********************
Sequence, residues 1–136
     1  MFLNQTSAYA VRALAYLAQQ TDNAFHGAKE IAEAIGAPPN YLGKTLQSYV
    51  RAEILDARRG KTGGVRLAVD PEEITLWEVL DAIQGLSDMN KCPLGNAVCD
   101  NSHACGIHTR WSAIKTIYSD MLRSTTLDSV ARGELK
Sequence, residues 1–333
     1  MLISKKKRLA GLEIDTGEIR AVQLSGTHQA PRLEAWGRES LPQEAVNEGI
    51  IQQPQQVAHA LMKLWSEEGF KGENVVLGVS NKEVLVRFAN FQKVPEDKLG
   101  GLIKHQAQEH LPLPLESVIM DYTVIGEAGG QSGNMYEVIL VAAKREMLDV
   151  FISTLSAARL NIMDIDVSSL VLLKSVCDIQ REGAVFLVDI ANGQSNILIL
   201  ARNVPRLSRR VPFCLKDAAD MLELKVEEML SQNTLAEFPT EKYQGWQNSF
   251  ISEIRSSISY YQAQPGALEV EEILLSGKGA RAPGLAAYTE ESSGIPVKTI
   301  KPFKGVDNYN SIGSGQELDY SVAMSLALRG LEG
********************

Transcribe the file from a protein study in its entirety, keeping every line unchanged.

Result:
Sequence, residues 1–136
     1  MFLNQTSAYA VRALAYLAQQ TDNAFHGAKE IAEAIGAPPN YLGKTLQSYV
    51  RAEILDARRG KTGGVRLAVD PEEITLWEVL DAIQGLSDMN KCPLGNAVCD
   101  NSHACGIHTR WSAIKTIYSD MLRSTTLDSV ARGELK
Sequence, residues 1–333
     1  MLISKKKRLA GLEIDTGEIR AVQLSGTHQA PRLEAWGRES LPQEAVNEGI
    51  IQQPQQVAHA LMKLWSEEGF KGENVVLGVS NKEVLVRFAN FQKVPEDKLG
   101  GLIKHQAQEH LPLPLESVIM DYTVIGEAGG QSGNMYEVIL VAAKREMLDV
   151  FISTLSAARL NIMDIDVSSL VLLKSVCDIQ REGAVFLVDI ANGQSNILIL
   201  ARNVPRLSRR VPFCLKDAAD MLELKVEEML SQNTLAEFPT EKYQGWQNSF
   251  ISEIRSSISY YQAQPGALEV EEILLSGKGA RAPGLAAYTE ESSGIPVKTI
   301  KPFKGVDNYN SIGSGQELDY SVAMSLALRG LEG